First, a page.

The idea of floating in the air, held up by silks hung from the ceiling, seemed exciting. But I wondered if the aerial craze was just a hot gimmick instead of a legitimate fitness option. The risk of falling aside, the biggest surprise to aerial yoga is the mental workout. Twisting around in the air to achieve classic yoga inversions challenges parts of the brain that control fear and letting go.
No risk, no reward, right? I signed up for a class at The Fitness Loft in Manhasset, a posh gym on Northern Boulevard owned by Cynthia Conde, an early convert to the high-flying workout. “I became interested in the aerial arts after seeing a Cirque du Soleil performance many years ago,” Cynthia says. “I began taking flying trapeze, silks and aerial yoga at a circus school.” Aerial yoga fuses classic yoga poses and class structure with aerial hammock choreography.
The small room where aerial classes are held looks calmer than most gyms. Ethereal ceiling-to-floor curtains in soothing pinks and greens help to calm—albeit briefly—your nerves before you notice the six aerial hammocks. These large swaths of fabric hang from the ceiling just above a pad. Although the hammocks are relatively low to the ground, once you’re airborne, knowing you’re one slip away from hitting terra firma is daunting. You feel a bit like Dumbo being encouraged to fly by Timothy Q. Mouse.
In this case, the encouragement came from Demi Hristofidis, the aerial instructor who, like the cartoon circus promoter, keeps reassuring that you can do it. “You can’t fall,” she promised. “You’re locked in and you’re not going anywhere.” She claims she’s never had a student fall yet—“Knock on wood!”—during her ten years teaching aerial yoga and silks. Both the hammock and silks incorporate elements of acrobatics, dance and circus skills.
Demi develops her own choreography and her method of encouraging aerial newbies is more art than science. “I test out your fitness level and your comfort level when you come in,” she says. “Having a dance background is helpful but not necessary.” The hour-long class is open to students of all levels and although I was nervous, I performed all of the movements. Class began with a series of stretches in the hammock, including variations of yoga standards like warrior pose. Working against gravity gave the stretches more intensity—it was like a yoga class on steroids and I left feeling pleasantly pulled and elongated.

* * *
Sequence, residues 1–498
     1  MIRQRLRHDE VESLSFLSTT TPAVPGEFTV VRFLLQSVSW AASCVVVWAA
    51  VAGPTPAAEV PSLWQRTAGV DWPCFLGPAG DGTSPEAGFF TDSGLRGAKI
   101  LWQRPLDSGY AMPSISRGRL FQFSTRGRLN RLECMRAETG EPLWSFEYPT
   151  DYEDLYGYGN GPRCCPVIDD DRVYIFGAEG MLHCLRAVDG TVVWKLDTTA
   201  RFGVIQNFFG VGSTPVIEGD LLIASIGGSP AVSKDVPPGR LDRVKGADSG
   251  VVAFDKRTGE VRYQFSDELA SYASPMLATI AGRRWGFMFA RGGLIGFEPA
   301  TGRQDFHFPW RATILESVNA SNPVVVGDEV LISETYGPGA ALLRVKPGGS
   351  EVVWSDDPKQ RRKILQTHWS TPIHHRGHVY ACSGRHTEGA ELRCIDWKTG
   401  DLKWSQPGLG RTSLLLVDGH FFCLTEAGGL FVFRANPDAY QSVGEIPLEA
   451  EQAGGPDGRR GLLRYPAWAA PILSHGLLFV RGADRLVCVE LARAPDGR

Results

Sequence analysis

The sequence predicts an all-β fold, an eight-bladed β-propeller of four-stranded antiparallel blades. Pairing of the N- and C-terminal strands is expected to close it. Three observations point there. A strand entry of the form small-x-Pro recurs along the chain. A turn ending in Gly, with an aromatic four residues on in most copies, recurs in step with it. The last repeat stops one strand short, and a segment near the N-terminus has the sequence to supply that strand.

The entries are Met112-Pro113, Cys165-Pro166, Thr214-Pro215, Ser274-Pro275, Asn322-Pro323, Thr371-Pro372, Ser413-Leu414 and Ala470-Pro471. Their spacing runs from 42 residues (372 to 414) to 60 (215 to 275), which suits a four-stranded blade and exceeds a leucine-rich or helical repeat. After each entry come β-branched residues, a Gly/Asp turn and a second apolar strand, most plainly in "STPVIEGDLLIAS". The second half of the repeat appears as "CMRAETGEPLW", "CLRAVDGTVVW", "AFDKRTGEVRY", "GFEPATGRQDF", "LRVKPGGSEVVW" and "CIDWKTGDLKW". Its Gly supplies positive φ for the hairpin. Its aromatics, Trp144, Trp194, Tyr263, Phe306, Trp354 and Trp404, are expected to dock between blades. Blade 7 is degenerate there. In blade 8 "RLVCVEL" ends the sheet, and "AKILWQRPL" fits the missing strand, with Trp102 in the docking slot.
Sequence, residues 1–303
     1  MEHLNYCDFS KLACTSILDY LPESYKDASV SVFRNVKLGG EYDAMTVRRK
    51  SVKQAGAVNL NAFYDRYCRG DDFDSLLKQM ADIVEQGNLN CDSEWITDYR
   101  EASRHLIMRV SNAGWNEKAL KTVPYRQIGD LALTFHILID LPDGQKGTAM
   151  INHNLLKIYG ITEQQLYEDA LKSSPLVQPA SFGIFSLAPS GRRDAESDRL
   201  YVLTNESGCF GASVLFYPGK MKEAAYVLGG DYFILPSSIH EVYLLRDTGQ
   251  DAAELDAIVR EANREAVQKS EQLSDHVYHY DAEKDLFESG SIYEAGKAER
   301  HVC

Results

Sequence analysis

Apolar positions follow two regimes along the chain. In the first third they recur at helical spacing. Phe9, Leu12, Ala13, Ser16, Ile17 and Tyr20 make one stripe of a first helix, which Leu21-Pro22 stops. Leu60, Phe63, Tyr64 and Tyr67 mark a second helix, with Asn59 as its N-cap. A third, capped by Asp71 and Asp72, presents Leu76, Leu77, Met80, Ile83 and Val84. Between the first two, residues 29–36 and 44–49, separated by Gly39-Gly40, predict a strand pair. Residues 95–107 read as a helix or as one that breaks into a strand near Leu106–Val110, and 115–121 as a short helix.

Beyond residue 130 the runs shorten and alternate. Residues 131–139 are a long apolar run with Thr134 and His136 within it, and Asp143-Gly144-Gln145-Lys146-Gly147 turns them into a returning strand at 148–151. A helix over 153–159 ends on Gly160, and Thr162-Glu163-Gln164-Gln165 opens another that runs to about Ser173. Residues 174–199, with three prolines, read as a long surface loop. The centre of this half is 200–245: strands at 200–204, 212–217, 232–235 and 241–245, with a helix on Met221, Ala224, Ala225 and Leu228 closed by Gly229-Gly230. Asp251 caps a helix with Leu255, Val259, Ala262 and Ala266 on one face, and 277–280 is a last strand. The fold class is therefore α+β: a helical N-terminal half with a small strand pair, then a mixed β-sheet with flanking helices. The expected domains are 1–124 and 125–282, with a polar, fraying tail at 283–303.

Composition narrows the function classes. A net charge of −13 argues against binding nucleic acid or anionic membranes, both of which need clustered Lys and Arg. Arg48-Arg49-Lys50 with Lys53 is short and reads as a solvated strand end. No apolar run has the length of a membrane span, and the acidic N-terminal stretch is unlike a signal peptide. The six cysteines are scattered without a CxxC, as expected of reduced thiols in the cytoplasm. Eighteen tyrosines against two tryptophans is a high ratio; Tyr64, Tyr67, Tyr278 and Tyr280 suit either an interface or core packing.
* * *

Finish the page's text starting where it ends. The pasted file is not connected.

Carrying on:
Holding my bodyweight and countering the pull of the hammock was a core workout in itself. “This is the fastest way to activate those stabilizing [midsection] muscles,” Demi says. Aerial workouts are said to develop back and arm strength and benefit your mood, a result of hanging upside down. Some say flooding the brain with more oxygen can help treat depression. It certainly seems to open up your posture—a welcome change if you spend your days hunched in front of a computer. Doing inversions on the hammock without pressure on the spine can be a welcome release for those with back problems, too. Demi joked that it’s akin to having an adjustment at the chiropractor’s office.
April Yakaboski, owner of Aerial Fitness in Riverhead, sees the class as an alternative to yoga floor exercises. “It’s restorative and less invasive than traditional yoga,” she says. “I have clients of all ages, many with back issues. Aerial yoga allows them to reach stretches and decompress their spines without requiring the muscle strength of floor poses.”
But not everyone is so enthusiastic once they look up. “Everyone is so scared! It’s doable for everyone, though. I have a 72-year-old woman who comes every week. It’s therapeutic for her.” Back at The Fitness Loft flips come halfway through the class, when we did several inversions hanging backwards, bending at the waist, attached to the hammock at our hips. The most intimidating version rotated me 360 degrees, held up by a circle of fabric around my lower legs that I gripped with my hands. Forget to hold on and you’ll pay the price. Demi nicknamed the move “The Supergirl.”
It took me a few minutes to work up the courage to do the flip. Demi stood by and gently prodded me. Once I did the flip, it didn’t seem like such a big deal after all. She said my reaction was typical. “It’s all about getting used to the feel. Some people come to this class just to conquer a fear.” The class ended with a traditional savasana, or rest period, as we swayed gently back and forth in a cocoon of fabric—all fear was gone, replaced with the serenity of letting go.